Although it will remain against the law for jurors to discuss the details of a case with anybody else, the passing of Bill S-206 means exceptions will be made for mental health professionals providing related support.

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Provincial minimum wage increases

In 2023, the minimum wage in several regions in Canada will go up as scheduled.

Saskatchewan is among the provinces bumping up its minimum wage in 2023. Up $1, minimum wage employees in the region must be paid at least $14 per hour as of October 1.

In Manitoba, it will go up a little earlier, on April 1, to $14.15 per hour, a 65 cent increase from the previous minimum. It's set to go up even further on October 1, to around $15.

Minimum wage workers in Nova Scotia must get paid at least $14.30 as of April 1, 2023, increasing again to $14.65 per hour as of October 1.

Residents of P.E.I. can also expect two minimum wage increases in 2023, on both January 1 and October 1. The amount will jump by 80 cents to $14.50 at the beginning of the year, before increasing again to $15 per hour before the end of it.

In Newfoundland and Labrador, minimum wage increases will occur on April 1 and October 1, with all workers earning at least $15 per hour before the end of the year.

In the Northwest Territories, a new formula will come into effect in September 2023 that will ensure the minimum wage is adjusted annually "based on the percentage change in the Consumer Price Index (CPI) for Yellowknife," among other things.

Federal minimum wage increases

While no specific figures have been confirmed yet, the federal minimum wage is also expected to increase in 2023.

On April 1 each year, the federal minimum wage is adjusted automatically based on the average annual increase of the CPI.

Any changes to the federal minimum wage will impact all workers and interns in federally regulated sectors, as well as those employed directly by the federal government.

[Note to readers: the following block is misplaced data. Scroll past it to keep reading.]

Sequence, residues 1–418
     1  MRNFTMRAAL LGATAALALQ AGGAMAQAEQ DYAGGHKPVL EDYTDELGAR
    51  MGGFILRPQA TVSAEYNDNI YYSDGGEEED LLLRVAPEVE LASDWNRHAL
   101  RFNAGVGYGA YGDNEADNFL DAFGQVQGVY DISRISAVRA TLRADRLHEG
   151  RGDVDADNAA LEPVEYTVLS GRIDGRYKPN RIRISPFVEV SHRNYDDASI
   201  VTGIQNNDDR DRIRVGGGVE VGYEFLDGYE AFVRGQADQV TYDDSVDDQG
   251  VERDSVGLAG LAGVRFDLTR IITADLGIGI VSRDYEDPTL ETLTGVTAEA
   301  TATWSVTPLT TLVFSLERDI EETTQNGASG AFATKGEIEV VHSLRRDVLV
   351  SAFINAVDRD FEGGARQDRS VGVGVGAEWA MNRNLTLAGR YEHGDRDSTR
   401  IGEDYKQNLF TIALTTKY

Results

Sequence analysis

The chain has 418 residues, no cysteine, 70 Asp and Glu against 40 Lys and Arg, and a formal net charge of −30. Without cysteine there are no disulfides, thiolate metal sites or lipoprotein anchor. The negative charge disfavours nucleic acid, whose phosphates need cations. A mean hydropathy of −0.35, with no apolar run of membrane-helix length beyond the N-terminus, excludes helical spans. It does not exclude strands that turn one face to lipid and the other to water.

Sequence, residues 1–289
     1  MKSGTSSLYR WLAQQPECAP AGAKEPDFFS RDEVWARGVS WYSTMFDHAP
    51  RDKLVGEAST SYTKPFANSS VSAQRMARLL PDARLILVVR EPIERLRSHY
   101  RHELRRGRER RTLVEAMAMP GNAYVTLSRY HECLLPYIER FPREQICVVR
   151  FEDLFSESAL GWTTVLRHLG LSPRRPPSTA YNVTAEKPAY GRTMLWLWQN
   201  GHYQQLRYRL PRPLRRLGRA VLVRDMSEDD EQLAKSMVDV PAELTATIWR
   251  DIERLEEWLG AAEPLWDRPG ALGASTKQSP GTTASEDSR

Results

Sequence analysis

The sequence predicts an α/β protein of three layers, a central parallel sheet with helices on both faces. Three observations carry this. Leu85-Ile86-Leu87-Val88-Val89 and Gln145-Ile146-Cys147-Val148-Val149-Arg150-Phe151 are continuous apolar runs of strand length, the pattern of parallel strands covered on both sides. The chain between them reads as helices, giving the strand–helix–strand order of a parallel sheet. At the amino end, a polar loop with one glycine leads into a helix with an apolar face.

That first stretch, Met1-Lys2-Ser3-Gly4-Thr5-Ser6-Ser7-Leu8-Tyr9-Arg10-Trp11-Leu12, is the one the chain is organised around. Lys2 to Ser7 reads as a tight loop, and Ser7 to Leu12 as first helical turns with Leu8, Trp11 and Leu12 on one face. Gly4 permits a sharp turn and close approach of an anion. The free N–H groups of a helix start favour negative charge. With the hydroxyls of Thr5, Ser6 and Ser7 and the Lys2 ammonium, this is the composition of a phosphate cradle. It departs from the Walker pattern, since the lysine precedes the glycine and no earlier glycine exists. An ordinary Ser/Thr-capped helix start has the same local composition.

This includes those working in banks, the postal services, transport industries and more.

In 2022, it increased by 55 cents per hour to $15.55. Employees working in regions where the provincial minimum wage rate is higher will continue to receive the higher amount.

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Inflation relief measures

In Alberta, the provincial government is making an effort to tackle inflation in 2023 by offering affordability payments to eligible people.

Qualifying households with an annual income under $180,000 will be able to get six months worth of $100 payments, up to a total of $600.

What's more, changes to personal income tax rates mean some Albertans will start seeing improvements as early as January 2023.

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Easier access to medications

It's set to be a busy year in Ontario, where several new laws and regulations are expected to be introduced in 2023.

Among them is a change to the way Ontarians will be able to access certain medications, which will make it easier to get treatment for a number of common ailments without visiting a doctor.

As of January 1, pharmacists across the region will be able to prescribe medication for 13 ailments including hay fever, dermatitis, menstrual cramps, acid reflux, cold sores, insect bites, sprains and strains, UTIs and more.

It means people who are unwell with related illnesses will not have to see a doctor to receive the medication they need in many cases – something the province says will be more convenient for residents, as well as provide doctors with more "bandwidth to provide care for more complex needs."

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This article's cover image was used for illustrative purposes only.

Helena Hanson
Senior Editor
Helena Hanson is a Senior Editor for Narcity Media, leading the Travel and Money teams. She previously lived in Ottawa, but is now based in the U.K.